The dust has cleared and the results are in. For the majority of national US universities, the admission rate for the class of 2022 was, yet,
another record-breaking low figure, which confirms a declining acceptance rate over the years. Using results from the Ivy League Schools
and top-ranked universities based on the latest “US News and World Report 2018 Best College” and other official websites, Harvard University
(ranked 2nd) received 42,749 applications in 2018 and accepted 1,962 resulting in a 4.59% acceptance rate as compare to 5.2% last year.
Cornell University (ranked 14th) is the only Ivy school that has its acceptance rate in double digit with this year standing
at 10.3% (vs. 14% from last year). With the exception of 3 universities, other top 20 ranked schools all have single digit acceptance rates.
These are Princeton University (ranked 1st) 5.5%, Stanford University (ranked 5th tied with Columbia and MIT) 4.3%,
Brown (ranked 14th) 7.2%, Columbia (ranked 5th) 5.5%, University of Chicago (ranked 3rd) 7.2%, and MIT (ranked 5th) 7.2%.
Universities usually provide the percentage figure of foreign student as compared to the whole student body.
For example, all 8 Ivy League universities have their international student representation ranging between 9% - 12%.
For other schools, the ratio of international students is typically less than 15%. For example California Institute of Technology (Caltech)
has 9% foreign student ratio; UCLA 6%, Tufts 10%, and Wellesley 12%.
However, what most universities do not share is the specific number of foreign students applied and accepted for each year.
This is rather a much more important statistic if you are a non-US student and plan to study in the US. Unfortunately,
one can be certain that the figure is much lower than the general average and that of the US citizens.
For example, in 2017, MIT’s general and US citizen acceptance rates were 7.2% and 8.4% respectively, compared to only 2.9% for foreign students.
Not everyone will end up at Ivy League universities, and many would be satisfied just to get into top 50 nationally ranked universities
like New York University (or NYU), ranked 30th which happens to be a very popular choice among Thai students.
Not only does NYU have great educational programs in almost every field and discipline, its renowned location in the most vibrant city
in the world is very appealing for many hopeful students. Last year, the acceptance rate for NYU was 32% which,
more or less, means that in general, 1 out of 3 who applies get accepted. For this year, NYU acceptance rate drastically dropped to 19%,
or 1 in 5. The rise in international applicants and also from those of “first generation” students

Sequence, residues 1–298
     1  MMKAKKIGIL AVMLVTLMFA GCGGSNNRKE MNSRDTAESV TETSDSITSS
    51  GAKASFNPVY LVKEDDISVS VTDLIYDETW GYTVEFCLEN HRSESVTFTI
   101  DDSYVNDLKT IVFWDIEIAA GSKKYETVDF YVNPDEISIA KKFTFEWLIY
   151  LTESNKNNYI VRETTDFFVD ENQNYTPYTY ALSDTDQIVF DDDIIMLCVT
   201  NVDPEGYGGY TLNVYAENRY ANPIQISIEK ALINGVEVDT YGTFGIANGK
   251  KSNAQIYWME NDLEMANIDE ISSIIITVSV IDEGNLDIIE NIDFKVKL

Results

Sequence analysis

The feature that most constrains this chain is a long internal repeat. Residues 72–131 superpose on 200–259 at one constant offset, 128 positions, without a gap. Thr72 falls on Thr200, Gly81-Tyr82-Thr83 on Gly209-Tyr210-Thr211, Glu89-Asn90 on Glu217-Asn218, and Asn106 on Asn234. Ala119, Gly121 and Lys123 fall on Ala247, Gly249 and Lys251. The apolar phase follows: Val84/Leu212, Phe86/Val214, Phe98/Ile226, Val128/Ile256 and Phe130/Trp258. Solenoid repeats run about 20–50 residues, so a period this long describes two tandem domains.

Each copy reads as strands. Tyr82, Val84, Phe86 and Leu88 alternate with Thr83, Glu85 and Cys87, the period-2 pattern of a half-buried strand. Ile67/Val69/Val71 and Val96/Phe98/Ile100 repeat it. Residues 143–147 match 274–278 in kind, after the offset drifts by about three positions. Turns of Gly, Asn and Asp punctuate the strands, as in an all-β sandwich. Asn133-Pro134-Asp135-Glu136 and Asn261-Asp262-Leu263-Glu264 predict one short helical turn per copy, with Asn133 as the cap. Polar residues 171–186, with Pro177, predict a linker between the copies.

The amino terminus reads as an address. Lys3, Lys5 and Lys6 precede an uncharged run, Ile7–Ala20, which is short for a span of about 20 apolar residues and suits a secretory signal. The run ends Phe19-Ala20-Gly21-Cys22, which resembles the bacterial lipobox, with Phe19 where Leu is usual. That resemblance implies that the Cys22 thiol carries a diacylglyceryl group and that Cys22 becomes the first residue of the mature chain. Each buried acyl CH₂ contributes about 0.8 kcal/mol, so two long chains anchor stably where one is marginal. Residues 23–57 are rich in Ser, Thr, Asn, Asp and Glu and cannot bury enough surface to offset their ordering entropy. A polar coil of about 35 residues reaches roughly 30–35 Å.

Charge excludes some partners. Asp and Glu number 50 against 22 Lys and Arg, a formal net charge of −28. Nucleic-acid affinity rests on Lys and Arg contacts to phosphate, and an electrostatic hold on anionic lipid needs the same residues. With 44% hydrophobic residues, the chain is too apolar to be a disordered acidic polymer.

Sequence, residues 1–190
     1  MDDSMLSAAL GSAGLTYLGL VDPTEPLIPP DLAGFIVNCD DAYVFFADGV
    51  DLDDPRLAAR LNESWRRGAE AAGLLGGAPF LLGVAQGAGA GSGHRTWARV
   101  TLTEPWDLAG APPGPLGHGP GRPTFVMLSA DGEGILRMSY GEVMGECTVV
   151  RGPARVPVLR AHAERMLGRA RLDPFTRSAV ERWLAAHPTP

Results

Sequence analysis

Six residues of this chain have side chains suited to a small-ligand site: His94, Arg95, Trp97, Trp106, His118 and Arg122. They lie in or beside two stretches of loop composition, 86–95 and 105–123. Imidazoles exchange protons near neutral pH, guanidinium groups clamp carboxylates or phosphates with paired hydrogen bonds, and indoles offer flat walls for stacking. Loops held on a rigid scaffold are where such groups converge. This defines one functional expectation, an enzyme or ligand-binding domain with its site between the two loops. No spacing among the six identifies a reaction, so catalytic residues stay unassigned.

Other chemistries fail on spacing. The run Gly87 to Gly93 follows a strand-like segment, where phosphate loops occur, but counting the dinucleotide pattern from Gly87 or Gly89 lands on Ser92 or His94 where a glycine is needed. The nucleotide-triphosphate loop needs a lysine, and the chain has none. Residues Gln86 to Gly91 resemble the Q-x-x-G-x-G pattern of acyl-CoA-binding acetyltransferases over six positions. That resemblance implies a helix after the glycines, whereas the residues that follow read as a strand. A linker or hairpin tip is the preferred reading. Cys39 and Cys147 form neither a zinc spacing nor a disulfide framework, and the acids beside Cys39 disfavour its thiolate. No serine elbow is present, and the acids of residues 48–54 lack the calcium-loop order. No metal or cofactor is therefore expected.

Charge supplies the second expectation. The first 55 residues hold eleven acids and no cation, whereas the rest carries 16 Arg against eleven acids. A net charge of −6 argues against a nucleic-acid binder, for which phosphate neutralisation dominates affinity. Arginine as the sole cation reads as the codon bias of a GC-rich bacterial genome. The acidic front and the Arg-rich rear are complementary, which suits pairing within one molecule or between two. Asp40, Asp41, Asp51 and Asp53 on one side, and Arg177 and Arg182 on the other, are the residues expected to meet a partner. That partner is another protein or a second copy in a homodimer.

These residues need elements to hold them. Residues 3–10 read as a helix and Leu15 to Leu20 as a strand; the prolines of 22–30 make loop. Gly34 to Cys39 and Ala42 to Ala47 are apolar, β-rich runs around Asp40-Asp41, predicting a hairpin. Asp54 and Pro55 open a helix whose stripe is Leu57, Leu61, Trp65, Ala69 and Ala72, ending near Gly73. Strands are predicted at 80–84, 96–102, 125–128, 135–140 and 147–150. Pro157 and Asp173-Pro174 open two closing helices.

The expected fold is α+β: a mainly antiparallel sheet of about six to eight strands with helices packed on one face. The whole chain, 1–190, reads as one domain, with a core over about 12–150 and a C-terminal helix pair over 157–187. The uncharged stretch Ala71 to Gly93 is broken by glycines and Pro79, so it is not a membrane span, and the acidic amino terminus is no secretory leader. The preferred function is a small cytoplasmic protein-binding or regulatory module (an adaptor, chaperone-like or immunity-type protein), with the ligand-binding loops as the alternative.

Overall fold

(American students whose parents did not attend college) is the main reason pushing the acceptance rate lower.
Here are some examples of admission rate comparison between year 2017-2018 at other colleges: Boston University 29% vs 22%,
Georgetown University 17% vs 14.5% and Williams College 18% vs 12.1%.
For many Thai parents, the latest information may be disheartening but they should be aware it’s not all doom and gloom.
If they are serious about giving their children the best opportunities to get into top colleges, they should prepare them early.
Don’t wait until they are in Grade 12/ Year 13 as it would be too late. In fact preparation for high school students
can start as early as Grade 9/Year 10 if they get the right guidance but not later than Grade 11/Year 12 as there is little time left
to prepare for all the standard tests i.e. ACT/SAT.
The big question is “Do you still have a chance”?
We have to accept the fact that it is more
competitive getting accepted to top Universities today than a decade ago. However, with proper strategic plan
(starting as early as grade 9/year 10), hard work and passion, Thai students are getting into these prestigious
institutions more than ever. For Cornell University this year, 10 Thai students were accepted to the class of 2022 with 6 deciding to enroll.
(Out of these, 2 attended well-known international schools in Thailand, 3 came from different prestigious prep schools in the US and the final
candidate from a UK public school). At Stanford, there were no Thai students for the class of 2021, but 5 will enroll as a freshman in this coming fall.
As for MIT, total number of Thai undergraduate students in 2018 is 21 (4th highest national after Americans, Chinese and Canadians)
as compared to 8 in 2008. So, we will simply say YES! There are chances. But have to ask yourself how “badly” do you want it,
how much are you willing to work for it, how well informed are you about the competitive admission process, and how well is your preparation.
To assist the parents and students in understanding the whole application process, we are pleased to let you know that Athena Consulting is now
offering a free 45 minutes "one-on-one" consultation session
for a limited number of families.
If you are interested, please RSVP at firstname.lastname@example.org